Comics in Education: Interview with Dr. Glen Downey


I found Comics in Education while researching the The Beguiling for my interview. I think I stared at the screen for a couple minutes wondering if I was seeing things correctly and then being insanely jealous of any child lucky enough to be learning through something as exciting as comics. Glen, who runs the Comics in Education site, was kind enough to answer some questions for me.

Of course, that’s inbetween him being an award-winning children’s author, educator and academic. He’s a reviewer for PW Comics, editor and oh, happens to serve as the Chair of English and Drama at The York School in Toronto. He was inspired to create Comics in Education after the wealth of support and interest he received about comics at the Reading for the Love of It Conference this year. In short, he’s a busy man and still managed to find the time for this!

Can you tell us a little about the rise of comics in education? I’ve left my school days long behind and I was so surprised and jealous to learn this was a medium that was accepted in schools!

Comics began to take a foothold in the classroom about a decade ago when educators realized that visual narrative could be used to engage reluctant and struggling readers. Because comics and graphic novels marry the textual with the visual, they help those who find reading challenging by allowing them to see what the vocabulary they are reading looks like. As well, comics and graphic novels break language up into far more manageable units than a traditional text-based novel. At the same time, visual narratives can be just as complex and engaging, so the student gets the benefit of seeing the story unfold, having the text divided into more manageable units, and making connections between new vocabulary words and the images that represent them.

What specifically or how do you envision comics to be used in classrooms?

Much of the writing I have done—specifically the comics and graphic novels I have written—are for ESL, ELL, and both reluctant and struggling readers. Educational publishers like Rubicon Publishing in Canada have been groundbreakers in producing award-winning series that have inspired students and shown the value of comics in the classroom. At the same time, we’ve now reached a point where we must consider the ways in which comics and graphic novels can be used with students who are strong readers as well. To this end, we need to begin teaching comics and graphic novels as a genre and establishing visual narrative as one of number of equally important genres that we teach.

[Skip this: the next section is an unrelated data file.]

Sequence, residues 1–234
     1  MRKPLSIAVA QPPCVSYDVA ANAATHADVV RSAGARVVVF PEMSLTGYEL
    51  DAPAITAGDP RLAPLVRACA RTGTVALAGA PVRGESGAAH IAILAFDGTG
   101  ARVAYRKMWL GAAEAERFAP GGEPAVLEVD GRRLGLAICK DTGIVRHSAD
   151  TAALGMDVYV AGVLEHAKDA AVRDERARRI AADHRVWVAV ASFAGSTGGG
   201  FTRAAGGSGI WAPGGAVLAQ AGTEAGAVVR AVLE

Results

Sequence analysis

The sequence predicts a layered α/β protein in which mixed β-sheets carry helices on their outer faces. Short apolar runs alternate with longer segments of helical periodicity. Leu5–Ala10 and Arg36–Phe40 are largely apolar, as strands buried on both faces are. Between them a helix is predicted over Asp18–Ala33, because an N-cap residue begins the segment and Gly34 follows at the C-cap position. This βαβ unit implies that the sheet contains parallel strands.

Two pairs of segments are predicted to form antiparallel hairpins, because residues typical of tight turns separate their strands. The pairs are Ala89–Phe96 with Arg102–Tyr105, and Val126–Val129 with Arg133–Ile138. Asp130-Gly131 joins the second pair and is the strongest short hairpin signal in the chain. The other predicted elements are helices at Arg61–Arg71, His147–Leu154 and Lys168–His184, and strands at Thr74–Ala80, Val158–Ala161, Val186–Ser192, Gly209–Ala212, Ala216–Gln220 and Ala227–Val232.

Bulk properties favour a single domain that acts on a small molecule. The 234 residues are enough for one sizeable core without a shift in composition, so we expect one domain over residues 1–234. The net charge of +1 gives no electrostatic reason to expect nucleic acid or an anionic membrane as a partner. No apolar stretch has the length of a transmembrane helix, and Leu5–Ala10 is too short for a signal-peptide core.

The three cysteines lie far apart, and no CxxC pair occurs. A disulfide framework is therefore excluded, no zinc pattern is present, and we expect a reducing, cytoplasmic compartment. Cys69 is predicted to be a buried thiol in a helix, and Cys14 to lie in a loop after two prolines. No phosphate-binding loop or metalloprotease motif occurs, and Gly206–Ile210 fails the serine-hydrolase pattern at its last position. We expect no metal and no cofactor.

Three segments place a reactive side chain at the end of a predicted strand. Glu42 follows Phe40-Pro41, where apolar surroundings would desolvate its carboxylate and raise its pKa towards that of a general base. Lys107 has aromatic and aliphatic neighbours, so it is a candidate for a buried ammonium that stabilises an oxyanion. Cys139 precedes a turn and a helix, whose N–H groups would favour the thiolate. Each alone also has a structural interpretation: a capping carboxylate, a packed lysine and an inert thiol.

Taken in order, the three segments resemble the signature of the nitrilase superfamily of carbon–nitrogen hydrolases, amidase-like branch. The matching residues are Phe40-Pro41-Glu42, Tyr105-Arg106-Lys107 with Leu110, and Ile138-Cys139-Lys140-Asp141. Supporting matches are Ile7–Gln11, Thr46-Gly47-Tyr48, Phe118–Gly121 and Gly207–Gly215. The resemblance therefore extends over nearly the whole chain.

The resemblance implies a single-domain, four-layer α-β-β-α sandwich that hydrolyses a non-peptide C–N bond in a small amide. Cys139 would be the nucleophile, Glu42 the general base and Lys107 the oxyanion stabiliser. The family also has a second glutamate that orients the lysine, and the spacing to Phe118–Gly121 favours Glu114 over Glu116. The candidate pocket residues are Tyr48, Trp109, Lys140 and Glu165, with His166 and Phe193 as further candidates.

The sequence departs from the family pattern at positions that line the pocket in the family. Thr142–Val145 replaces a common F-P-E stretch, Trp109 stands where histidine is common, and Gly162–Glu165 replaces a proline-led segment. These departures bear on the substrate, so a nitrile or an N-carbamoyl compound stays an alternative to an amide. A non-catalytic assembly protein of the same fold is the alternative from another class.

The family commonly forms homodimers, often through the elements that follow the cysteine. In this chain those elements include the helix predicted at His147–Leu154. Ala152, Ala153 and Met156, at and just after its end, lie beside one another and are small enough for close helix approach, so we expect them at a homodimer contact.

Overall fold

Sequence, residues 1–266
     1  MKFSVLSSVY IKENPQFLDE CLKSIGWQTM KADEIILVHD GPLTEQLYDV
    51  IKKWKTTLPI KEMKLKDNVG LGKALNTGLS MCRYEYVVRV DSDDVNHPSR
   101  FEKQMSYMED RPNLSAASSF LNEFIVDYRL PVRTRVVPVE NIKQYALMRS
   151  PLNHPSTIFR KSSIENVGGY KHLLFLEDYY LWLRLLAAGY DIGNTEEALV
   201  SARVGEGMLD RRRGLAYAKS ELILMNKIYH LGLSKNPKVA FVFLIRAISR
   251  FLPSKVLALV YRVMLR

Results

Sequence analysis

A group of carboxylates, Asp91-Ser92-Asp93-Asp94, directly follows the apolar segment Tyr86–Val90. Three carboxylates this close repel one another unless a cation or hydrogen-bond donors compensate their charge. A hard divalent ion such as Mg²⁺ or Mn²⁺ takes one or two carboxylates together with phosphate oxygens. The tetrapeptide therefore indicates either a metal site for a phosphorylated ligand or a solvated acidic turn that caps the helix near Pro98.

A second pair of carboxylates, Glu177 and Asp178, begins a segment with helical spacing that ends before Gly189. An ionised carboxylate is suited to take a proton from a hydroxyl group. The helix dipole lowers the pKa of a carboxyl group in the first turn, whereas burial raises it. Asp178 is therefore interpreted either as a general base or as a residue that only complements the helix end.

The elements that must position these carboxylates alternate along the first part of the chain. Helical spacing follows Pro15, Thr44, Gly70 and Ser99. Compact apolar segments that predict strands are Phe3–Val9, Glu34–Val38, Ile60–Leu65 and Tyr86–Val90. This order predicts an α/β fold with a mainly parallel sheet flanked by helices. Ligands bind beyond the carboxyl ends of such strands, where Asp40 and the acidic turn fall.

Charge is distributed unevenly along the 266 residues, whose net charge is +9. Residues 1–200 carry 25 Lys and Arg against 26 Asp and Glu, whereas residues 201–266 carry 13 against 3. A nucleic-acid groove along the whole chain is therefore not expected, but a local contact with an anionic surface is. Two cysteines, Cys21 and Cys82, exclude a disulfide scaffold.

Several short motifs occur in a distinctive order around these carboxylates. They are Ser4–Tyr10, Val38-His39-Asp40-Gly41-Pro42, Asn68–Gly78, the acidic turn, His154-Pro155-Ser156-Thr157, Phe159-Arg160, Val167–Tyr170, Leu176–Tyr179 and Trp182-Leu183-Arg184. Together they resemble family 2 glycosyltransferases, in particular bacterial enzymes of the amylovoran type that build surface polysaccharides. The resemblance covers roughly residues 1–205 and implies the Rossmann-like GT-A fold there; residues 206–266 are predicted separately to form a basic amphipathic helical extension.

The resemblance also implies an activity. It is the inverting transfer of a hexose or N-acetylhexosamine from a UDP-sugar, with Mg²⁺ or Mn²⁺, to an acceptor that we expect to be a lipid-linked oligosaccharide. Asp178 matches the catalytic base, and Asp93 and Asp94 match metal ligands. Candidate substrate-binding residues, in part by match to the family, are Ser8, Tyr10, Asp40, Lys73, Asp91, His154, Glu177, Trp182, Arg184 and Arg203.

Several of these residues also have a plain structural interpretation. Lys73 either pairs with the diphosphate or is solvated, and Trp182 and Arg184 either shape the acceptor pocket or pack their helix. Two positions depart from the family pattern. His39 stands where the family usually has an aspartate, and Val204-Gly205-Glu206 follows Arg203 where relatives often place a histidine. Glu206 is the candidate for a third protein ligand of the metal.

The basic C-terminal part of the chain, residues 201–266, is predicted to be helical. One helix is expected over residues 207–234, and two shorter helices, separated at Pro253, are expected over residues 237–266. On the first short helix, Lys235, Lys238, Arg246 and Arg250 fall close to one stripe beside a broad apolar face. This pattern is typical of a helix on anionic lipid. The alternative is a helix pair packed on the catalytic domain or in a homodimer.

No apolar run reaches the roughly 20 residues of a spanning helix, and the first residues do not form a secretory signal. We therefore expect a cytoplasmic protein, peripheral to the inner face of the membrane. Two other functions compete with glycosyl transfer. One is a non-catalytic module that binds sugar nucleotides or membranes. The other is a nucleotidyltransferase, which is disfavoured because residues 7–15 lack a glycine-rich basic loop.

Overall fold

In your experience and work, can you tell us a little about the power of the visual narrative to kids? Or adults? Or both?

Visual narrative is powerful in an educational context. I remember one particular student a number of years ago who opened a novel we were studying, flipped through the pages for a moment, and then quickly closed it.

                “I don’t get it,” she said.

“What don’t you get,” I asked.

“I don’t get this book,” she replied.

“Well, you couldn’t get the book,” I said after taking a moment. “You wouldn’t have had a chance to read any of the words. But it’s not really the story you didn’t get, is it? You just can’t understand why someone would write a book that goes on for 200 pages with no illustrations, nothing to download, and not even on a screen to read from.”

She smiled.

Then I gave her a copy of a graphic novel I wrote called Freedom Train, about a girl named Lizzie who escapes slavery through the Underground Railroad. After about ten or fifteen minutes I looked over and she was absolutely fixated on it.

“You know,” I said, “books that just have writing can be that exciting too. They just don’t look as exciting to you.”

And I think this illustrates a fundamental point. For some readers, young or old, they need scaffolding from the visual to the textual, and graphic novels have done a remarkable job in bridging that gap. But as I said before, we need to see beyond limiting our use of comics and graphic novels in this way and awaken students to the genre of visual narrative.Terminology

What is the most common misconception you’ve come across in your work about comics? And why do you think that is?

The most common misconception about comics and graphic novels is exactly what you’d assume it to be. Many people—teachers, parents, librarians, curriculum specialists, literacy experts—believe we don’t need to be bothered with them because they somehow represent a “lesser” form of writing. And I suppose if I only permitted the teachers in my department to teach Archie, L’il Abner or Marmaduke comics from Grades 6-12 we might run into a bit of a problem after a while.